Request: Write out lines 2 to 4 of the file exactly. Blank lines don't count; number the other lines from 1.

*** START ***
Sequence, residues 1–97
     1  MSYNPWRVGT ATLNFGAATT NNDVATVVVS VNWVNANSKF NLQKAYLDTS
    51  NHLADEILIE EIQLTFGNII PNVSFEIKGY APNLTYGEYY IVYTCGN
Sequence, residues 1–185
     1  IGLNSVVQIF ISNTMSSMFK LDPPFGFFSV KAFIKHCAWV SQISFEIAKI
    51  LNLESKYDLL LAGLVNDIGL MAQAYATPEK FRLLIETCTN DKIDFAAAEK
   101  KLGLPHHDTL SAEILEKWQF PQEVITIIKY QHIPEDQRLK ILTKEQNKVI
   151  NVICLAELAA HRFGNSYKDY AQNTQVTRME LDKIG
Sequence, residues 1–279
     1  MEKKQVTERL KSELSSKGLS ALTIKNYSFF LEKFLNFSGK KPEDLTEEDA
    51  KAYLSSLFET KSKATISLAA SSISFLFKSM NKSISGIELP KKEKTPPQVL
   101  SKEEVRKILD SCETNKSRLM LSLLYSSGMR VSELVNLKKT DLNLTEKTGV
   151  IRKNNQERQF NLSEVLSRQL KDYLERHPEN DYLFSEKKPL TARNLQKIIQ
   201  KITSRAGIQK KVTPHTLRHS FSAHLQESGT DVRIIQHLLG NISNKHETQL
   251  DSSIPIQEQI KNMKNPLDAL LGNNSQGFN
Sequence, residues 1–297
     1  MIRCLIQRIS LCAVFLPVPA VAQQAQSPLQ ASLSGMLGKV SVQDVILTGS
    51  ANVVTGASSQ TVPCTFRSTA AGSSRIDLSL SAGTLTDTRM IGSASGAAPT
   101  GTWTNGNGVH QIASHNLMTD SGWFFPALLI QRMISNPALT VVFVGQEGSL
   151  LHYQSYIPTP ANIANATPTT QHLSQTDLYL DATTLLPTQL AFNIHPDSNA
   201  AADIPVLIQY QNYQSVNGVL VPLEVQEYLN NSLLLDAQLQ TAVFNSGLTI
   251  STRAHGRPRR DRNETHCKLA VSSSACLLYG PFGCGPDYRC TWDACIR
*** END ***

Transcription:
     1  MSYNPWRVGT ATLNFGAATT NNDVATVVVS VNWVNANSKF NLQKAYLDTS
    51  NHLADEILIE EIQLTFGNII PNVSFEIKGY APNLTYGEYY IVYTCGN
Sequence, residues 1–185